Brookfield Renewable Partners highlighted the “attractive repowering opportunity” tied to the PTC when it agreed to purchase the 845MW Shepherds Flat wind farm in the state of Oregon for $700 million at the beginning of 2021 (below). Brookfield expects to increase total generation at the facility by about 400GWh, or around 25%, after upgrades, including increasing the rotor diameter to 127 metres from 100 metres with the installation of new blades.
In 2020, just 343 turbines totalling 120MW were decommissioned in the US and underwent full repowering, being replaced with 50 new turbines with a capacity of 148MW.
Many full repowering wind projects in the US have occurred in California, where the country’s wind industry got started in the 1980s, notes Bolinger.
One of the latest wind farms in California to get a new look was the 57.5MW Scott Haggerty Wind Energy Center (Altamont Winds repowering) , which came online in September. The project is evidence of how repowering can dramatically change the visual impact of a wind farm. It now features 23 GE 2.5MW turbines, whereas before it consisted of 569 tiny 100kW machines.
Preventing servicing problems
As is the case in Europe, some full repowering in the US has been driven in part by concerns about potential difficulties servicing ageing wind farms.
In particular, the bankruptcy of wind manufacturer Clipper in 2012 has helped to spark some repowering deals.
Phoenix Wind Repower, a portfolio investment of alternative asset manager Ares Management Corporation, turned to Vestas with an order to supply its 2.2MW turbines to replace 2.5MW Clipper machines on three Texan wind farms.
The National Renewable Energy Laboratory has estimated that annual US investments for wind repowering — both partial and full — could grow to $25 billion by 2030.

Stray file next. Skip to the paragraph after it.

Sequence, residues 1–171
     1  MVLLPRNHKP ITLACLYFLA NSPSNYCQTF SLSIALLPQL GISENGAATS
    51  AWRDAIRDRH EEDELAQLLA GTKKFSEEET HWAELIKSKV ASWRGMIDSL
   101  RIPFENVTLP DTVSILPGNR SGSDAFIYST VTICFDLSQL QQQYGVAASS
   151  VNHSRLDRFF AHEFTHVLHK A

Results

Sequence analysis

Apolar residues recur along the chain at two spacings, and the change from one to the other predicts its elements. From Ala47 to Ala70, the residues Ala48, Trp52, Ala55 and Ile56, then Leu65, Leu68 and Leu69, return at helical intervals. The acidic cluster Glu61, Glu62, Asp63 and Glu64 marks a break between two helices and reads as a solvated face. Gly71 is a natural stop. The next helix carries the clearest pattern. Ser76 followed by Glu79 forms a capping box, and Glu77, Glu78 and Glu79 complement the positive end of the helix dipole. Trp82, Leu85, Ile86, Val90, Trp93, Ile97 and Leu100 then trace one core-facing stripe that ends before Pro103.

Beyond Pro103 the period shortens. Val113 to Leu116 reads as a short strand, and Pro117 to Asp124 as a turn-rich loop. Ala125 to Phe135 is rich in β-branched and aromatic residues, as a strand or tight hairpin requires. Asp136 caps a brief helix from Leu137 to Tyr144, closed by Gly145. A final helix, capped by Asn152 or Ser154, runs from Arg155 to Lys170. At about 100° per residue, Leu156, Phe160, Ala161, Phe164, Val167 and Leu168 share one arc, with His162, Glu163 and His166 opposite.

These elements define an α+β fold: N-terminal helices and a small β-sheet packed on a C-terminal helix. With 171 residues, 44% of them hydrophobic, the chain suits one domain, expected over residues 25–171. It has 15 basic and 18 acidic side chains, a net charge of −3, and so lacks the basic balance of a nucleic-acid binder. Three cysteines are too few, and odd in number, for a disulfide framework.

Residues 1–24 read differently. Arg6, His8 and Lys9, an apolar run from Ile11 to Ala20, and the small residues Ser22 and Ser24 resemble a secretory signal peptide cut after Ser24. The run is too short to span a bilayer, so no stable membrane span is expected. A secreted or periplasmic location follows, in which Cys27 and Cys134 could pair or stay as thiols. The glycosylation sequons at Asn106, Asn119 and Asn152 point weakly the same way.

Bolinger expects full repowering will have an increasingly important role to play in the US as wind farms get older, given the ability to leverage off existing transmission infrastructure and interconnection capacity. “Building transmission capacity in the US is very difficult,” he notes.
While Europe and the US have dominated repowering and lifetime extension investments, how to manage ageing wind assets is increasingly on the agenda elsewhere as well.
Japan’s Electric Power Development, known as J-Power, in September began its fourth repowering project, involving the 24.8MW Nikaho Kogen wind farm in the Akita prefecture. Its J-Wind subsidiary is replacing 15 Vestas 1.65MW turbines running since December 2001 with six Siemens Gamesa 4.3MW machines. The site is expected to begin commercial operations in January 2024.
In China, wind-energy repowering potential is expected to hit 24GW by 2030, according to a forecast from Wood Mackenzie, which stresses the need for policies in the country “to address the feasibility and profitability” of repowering.
Repowering the roughly 10.5GW in sub-megawatt turbines in India with 2MW machines could add 30GW of new capacity in India’s top wind sites, according to a calculation by Kashish Shah, an analyst at the Institute for Energy Economics and Financial Analysis (IEEFA).
A 2021 report by the Global Wind Energy Council (GWEC) India and renewable energy advisory firm MEC+ places India’s potential at nearly 2.9GW for projects with sub-megawatt turbines and more than 15 years of operational life, a figure that is seen rising to nearly 4.5GW around 2030. “Given the challenges around land allocation and cost for new renewables generation, a robust and effective framework for repowering older wind projects at high-resource sites can accelerate India’s renewable energy progress,” the report notes.